Not exactly a toss-off scale on which to begin an album.Such purposes are welcome from Samsara Blues Experiment, who recorded the likewise ambitiously-titled with former bassist Richard Behrens (also of Heat), who also helmed the last outing.Have you ever considered taking a meditation course? Here you can find out about my Vipassana experience, and also the reasons why you should incorporate meditation into your daily life.I’m not sure when my interest in meditation started.Each part of Vipassana is a chapter in the larger journey to clarity: 1.Of Climbing Heaven and Gazing on the Earth: inspired by a photo from Yann Arthus-Bertrand's traveling outdoor photography exhibition, Earth from Above. Stillness Flows Ever Changing: a river of sound creating waves of melodies that dance and weave around each other. Into all the Valleys Evening Journeys: influenced by the "hero's journey" illuminated by Joseph Campbell in his book The Hero with a Thousand Faces. The Nothingness that is the Source of Everything: partly inspired by one of Bjoerk's Selmasongs as well as a song from Gustav Mahler's Rueckertlieder and featuring Denise Levertov's poem Variation and Reflection on a Theme by Rilke. Phillips' music, Vipassana humbly seeks to create a sense of wonder and beauty that inspires and enlightens. Phillips' ensemble Numinous, a collection of some of New York City's finest new music, classical, and jazz musicians. Phillips, admirably aided by the ensemble Numinous, delivers a stunning 18 minute performance here, blending elements of Steve Reich and Pat Metheny and other sources of inspiration into one of the freshest recordings of the year. It starts out sounding like something inspired by “Tubular Bells”, but surprise, it’s an interpretation of Buddhist texts set to music.
Wanting to reflect the essence of that quietude in music, composer Joseph C. If you like to bliss out to the gentle modal patterns and rich harmonic progressions of Steve Reich's "Music for 18 Musicians" or John Adams's "Harmonium" this album is for you.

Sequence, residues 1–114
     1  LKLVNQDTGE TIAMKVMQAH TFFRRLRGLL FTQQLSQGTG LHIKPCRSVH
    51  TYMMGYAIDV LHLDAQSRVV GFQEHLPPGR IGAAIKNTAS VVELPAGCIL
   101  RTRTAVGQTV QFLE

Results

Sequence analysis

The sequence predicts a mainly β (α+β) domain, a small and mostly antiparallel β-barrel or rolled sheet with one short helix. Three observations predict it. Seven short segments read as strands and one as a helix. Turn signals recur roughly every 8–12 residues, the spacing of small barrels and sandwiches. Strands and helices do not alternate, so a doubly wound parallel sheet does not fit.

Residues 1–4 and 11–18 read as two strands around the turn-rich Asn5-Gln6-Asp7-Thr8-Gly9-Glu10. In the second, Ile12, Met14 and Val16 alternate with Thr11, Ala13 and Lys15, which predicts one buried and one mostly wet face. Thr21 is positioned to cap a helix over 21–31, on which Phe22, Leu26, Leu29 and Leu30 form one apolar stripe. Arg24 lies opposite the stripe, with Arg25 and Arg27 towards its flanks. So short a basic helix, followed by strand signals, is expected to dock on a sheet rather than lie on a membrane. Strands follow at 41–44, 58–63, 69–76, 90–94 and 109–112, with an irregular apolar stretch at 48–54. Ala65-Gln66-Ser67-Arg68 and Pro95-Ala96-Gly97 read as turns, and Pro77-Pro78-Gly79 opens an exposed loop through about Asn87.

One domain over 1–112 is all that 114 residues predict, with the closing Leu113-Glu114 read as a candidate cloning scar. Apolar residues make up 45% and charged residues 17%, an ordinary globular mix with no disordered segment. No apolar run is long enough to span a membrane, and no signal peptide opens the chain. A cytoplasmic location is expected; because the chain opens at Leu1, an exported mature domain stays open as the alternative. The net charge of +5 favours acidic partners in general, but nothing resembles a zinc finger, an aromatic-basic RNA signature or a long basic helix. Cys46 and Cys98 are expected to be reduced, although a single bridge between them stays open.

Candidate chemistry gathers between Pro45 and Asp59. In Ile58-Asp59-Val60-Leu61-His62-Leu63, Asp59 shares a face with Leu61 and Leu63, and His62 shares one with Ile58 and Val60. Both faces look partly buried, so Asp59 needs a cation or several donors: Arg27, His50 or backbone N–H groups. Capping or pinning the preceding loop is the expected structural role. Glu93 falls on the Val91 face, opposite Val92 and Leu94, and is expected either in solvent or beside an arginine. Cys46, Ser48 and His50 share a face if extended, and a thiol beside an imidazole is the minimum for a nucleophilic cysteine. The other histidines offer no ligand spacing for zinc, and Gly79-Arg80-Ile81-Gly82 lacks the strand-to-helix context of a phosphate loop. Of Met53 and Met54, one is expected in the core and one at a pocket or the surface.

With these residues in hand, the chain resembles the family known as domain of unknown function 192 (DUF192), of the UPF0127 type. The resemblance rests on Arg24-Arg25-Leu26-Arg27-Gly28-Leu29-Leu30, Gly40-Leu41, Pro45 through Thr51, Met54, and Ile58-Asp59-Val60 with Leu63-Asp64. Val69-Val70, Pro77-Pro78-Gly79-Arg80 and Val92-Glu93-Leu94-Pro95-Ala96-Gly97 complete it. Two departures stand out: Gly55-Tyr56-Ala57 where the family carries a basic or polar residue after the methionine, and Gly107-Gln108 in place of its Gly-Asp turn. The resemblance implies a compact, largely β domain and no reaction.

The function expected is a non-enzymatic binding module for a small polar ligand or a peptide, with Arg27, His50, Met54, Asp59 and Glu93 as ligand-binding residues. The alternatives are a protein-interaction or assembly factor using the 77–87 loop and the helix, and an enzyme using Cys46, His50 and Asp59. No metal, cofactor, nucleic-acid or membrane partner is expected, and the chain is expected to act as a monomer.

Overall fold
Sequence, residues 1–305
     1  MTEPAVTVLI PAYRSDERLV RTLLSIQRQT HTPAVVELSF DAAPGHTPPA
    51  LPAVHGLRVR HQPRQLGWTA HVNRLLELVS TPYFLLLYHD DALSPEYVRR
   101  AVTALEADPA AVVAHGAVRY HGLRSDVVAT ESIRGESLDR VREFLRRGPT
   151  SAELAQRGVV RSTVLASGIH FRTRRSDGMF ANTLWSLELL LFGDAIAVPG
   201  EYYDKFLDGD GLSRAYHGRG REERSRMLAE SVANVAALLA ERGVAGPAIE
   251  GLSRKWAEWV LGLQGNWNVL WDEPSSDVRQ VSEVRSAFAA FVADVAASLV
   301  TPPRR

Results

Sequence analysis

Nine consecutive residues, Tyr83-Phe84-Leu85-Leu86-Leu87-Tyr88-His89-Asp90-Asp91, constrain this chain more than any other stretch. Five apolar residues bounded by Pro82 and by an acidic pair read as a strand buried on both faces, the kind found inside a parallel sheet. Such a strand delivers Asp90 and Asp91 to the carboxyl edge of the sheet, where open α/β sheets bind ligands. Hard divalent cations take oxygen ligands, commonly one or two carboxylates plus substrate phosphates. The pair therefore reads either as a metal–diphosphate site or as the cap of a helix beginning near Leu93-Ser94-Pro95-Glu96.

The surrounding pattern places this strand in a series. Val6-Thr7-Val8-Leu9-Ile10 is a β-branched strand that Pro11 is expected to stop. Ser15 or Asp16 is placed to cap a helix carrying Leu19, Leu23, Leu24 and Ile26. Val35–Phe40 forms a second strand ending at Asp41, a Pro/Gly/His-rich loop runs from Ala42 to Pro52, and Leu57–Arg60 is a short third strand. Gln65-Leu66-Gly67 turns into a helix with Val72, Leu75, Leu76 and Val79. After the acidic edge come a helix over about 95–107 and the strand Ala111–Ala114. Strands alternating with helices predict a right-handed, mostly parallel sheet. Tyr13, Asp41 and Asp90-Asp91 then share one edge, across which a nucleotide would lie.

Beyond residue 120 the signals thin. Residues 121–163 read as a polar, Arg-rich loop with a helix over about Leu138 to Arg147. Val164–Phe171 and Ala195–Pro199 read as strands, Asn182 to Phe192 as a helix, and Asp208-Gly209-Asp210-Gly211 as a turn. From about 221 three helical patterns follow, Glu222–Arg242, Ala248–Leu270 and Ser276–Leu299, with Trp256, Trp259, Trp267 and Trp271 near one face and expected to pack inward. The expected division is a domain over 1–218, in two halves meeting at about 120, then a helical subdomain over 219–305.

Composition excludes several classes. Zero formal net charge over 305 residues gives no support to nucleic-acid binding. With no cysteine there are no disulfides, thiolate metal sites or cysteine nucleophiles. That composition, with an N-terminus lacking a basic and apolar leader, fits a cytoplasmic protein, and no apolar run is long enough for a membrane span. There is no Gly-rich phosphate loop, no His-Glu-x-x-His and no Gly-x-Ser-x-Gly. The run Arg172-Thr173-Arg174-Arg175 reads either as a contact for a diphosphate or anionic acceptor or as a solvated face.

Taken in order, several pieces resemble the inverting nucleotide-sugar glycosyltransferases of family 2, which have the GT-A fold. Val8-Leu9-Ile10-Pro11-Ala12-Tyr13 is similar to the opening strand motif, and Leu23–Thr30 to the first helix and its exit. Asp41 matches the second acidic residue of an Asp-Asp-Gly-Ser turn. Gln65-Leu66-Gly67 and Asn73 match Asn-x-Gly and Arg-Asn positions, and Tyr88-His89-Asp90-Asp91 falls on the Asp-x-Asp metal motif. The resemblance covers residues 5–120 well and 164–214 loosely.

Imagine Reich's Music for 18 Musicians, but with an expanded harmonic sensibility, a jazzier pulse, and occasional hints of sweeping Maria Schneider-esque melodies. A fusion of contemporary classical, jazz, new age and other left leaning musics, this is certainly head music for the cerebral, but it’s a dandy listening date for people that really like their alternative stuff from left field.
The individual ingredients are familiar, but I guarantee that you haven't heard them put together in this way before. Imagine Steve Reich collaborating with Maria Schneider . More of a spiritual descendant of “Music for 18 Musicians” than anything else, it has the appeal of that dense work but takes you to a different place. In the Pali language of early Buddhist texts "vipassana" means "to see things as they really are." The word is also translated as "insight" or "clear-seeing." It's a spiritual process based on instinct and intuition rather than reasoning and intellect.
Phillips' hour-long composition Vipassana is not meant as music to accompany the activity of meditation so much as it is itself a meditation on, and voyage through, various visual stimuli, though the last piece departs from that model in that it envelops a setting of a poem by Denise Levertov.
Musically, this quartet of stylish and provocative pieces stands somewhere between the style of Steve Reich and contemporary jazz, though parts of it are texturally much busier than Reich and the use of improvisation is fairly restrained, limited to solo space to spotlight some key players in the ensemble.